Catherine Zeta-Jones diagnosed with bipolar disorder

Monday, 24 October 2011

Bipolar disorder (what used to be called manic-depression) is a mental illness and sufferers can experience mood swings that can happen a few times a year – or several times a day. Catherine Zeta-Jones has bravely gone public about her bout with this often debilitating illness.

Catherine Zeta-Jones, bipolar disorder

[In April 2011] Catherine Zeta-Jones checked into a clinic in the US for treatment for bipolar disorder, her spokeswoman has confirmed. The Welsh-born actor, 41, is believed to have spent five days at the Silver Hill hospital in Connecticut last week.

Zeta-Jones’s husband, actor Michael Douglas, 66, was diagnosed with cancer last year.

“After dealing with the stress of the past year, Catherine made the decision to check into a mental health facility for a brief stay to treat her bipolar II disorder,” said the spokeswoman. “She’s feeling great and looking forward to starting work this week on her two upcoming films.”

Her husband announced in January that he was cancer-free after six months of treatment for throat cancer.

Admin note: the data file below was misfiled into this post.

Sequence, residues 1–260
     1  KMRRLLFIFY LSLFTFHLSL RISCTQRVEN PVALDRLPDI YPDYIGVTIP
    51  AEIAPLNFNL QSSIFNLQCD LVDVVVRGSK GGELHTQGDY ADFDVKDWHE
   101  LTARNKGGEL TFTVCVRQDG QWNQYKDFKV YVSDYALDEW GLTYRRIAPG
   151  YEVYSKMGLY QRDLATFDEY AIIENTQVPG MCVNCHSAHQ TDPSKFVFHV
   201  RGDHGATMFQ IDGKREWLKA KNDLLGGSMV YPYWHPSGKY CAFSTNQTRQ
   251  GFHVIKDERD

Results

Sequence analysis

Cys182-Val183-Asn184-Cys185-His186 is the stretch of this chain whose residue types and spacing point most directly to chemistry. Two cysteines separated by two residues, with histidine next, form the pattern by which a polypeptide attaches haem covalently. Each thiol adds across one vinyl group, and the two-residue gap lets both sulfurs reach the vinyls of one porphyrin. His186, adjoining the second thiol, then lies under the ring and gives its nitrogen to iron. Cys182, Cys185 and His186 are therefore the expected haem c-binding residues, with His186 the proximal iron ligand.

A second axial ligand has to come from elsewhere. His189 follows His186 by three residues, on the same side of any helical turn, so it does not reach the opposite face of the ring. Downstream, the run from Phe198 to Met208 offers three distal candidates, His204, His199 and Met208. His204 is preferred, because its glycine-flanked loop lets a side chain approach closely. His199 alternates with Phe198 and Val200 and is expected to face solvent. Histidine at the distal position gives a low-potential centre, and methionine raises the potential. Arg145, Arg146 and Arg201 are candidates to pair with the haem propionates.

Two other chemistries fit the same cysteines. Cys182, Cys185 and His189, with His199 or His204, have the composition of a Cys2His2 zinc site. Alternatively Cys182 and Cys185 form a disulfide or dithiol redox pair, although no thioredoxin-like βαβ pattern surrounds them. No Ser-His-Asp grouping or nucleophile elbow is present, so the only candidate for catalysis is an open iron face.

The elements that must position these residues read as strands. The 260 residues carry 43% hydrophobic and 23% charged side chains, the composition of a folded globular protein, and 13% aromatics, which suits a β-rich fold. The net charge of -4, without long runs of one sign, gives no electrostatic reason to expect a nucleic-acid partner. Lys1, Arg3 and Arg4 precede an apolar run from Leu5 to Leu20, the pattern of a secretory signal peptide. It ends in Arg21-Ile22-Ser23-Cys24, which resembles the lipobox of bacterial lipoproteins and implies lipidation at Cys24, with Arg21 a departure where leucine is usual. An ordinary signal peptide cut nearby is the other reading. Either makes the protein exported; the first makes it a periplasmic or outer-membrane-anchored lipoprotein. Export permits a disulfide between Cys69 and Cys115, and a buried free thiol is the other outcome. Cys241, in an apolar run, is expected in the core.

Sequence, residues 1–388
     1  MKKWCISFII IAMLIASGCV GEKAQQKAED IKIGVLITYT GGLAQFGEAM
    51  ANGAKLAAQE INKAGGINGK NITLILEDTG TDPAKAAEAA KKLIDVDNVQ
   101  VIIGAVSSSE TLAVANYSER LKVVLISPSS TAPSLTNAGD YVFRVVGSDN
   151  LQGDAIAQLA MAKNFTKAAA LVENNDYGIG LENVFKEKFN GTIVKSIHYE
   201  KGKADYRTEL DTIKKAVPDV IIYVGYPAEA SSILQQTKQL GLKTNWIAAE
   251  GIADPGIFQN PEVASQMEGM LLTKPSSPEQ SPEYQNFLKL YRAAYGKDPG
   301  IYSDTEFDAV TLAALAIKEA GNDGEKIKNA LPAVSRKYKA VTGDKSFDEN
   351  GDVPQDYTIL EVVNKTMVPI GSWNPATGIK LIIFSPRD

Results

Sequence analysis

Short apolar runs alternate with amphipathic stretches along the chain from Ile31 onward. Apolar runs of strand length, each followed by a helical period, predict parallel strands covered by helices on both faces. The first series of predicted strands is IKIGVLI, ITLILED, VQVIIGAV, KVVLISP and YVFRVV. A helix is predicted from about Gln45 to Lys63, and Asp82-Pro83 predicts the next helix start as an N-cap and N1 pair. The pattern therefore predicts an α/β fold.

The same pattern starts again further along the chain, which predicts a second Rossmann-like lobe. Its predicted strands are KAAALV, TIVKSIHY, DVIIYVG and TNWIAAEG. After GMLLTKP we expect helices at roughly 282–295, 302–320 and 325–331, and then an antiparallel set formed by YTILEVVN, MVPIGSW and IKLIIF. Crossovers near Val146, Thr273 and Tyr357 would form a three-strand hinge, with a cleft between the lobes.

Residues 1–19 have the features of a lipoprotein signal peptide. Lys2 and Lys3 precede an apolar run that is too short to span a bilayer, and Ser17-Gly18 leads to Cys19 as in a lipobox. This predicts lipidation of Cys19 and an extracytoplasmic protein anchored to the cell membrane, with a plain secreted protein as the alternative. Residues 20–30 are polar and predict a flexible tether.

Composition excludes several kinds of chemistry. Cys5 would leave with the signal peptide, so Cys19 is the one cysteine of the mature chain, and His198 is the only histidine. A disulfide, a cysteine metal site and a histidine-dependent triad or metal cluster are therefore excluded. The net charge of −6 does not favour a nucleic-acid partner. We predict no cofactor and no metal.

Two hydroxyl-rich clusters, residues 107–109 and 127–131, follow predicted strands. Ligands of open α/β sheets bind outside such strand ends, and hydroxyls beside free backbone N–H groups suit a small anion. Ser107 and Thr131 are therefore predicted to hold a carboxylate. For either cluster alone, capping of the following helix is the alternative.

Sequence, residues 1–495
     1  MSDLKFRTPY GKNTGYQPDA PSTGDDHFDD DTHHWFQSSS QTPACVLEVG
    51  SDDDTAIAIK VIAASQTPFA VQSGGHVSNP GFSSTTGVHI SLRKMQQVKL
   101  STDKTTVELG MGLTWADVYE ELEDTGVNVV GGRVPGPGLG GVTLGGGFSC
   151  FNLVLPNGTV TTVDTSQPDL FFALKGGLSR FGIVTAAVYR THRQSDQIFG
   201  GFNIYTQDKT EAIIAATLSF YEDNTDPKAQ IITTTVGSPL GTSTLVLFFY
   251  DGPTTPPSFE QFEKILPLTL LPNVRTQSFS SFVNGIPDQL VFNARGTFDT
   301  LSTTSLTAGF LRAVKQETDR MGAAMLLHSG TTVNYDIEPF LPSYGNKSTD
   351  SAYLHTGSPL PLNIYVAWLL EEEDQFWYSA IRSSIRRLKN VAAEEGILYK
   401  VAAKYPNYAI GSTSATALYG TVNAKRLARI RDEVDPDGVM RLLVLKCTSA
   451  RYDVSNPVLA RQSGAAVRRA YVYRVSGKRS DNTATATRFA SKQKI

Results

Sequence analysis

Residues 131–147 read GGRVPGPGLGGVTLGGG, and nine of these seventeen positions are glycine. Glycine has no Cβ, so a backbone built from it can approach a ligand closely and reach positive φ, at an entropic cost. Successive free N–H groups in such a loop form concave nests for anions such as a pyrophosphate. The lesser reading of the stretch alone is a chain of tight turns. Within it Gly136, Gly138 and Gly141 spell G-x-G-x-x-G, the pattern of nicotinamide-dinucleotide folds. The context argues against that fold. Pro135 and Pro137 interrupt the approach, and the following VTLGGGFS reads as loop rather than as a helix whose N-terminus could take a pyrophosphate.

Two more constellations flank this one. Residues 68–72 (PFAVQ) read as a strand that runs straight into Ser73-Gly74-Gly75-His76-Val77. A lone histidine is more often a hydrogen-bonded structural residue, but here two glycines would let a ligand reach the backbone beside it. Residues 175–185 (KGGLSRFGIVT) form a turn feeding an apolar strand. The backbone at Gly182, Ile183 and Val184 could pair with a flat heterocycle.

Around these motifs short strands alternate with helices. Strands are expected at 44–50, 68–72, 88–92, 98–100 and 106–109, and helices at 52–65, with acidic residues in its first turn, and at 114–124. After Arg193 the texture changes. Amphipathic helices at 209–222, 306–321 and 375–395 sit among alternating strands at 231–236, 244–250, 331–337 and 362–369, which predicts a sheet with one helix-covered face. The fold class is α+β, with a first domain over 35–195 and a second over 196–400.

Zeta-Jones was born in Swansea, and came to fame in the 1990s TV drama series The Darling Buds of May. She received an Oscar and Bafta award in 2003 for her role in the film adaptation of the musical Chicago.

Zeta-Jones and Douglas have two children: Dylan, 10, and Carys, seven.

Other celebrities who are said to have suffered from bipolar disorder, also known as manic depression, are Stephen Fry and, more recently, actor Charlie Sheen.

Mark Davies, of the charity Rethink Mental Illness, said: “Clearly this is a difficult time for Catherine Zeta-Jones and we send her our best wishes.

“Bipolar disorder is a distressing and potentially severe condition and she will need a lot of care and support as she seeks to tackle it. But it is possible to overcome mental illness with the right treatment.

“She deserves great credit for revealing her illness in this way. There is still a lot of stigma around mental health, which often means that people stay silent and try to fight the illness on their own.

“When people such as Catherine Zeta-Jones speak out it, makes a big difference to the millions of other people facing mental illness.

“It shows them that they are not alone and that mental illness can affect anyone, rich or poor, famous or otherwise.”

While bipolar disorder is a serious illness, it does respond well to treatment. If you suspect that you or a loved one are suffering from bipolar disorder, it is vital that you seek treatment. For more information, visit SADAG (the South African Depression and Anxiety Group)

This article originally appeared in The Guardian

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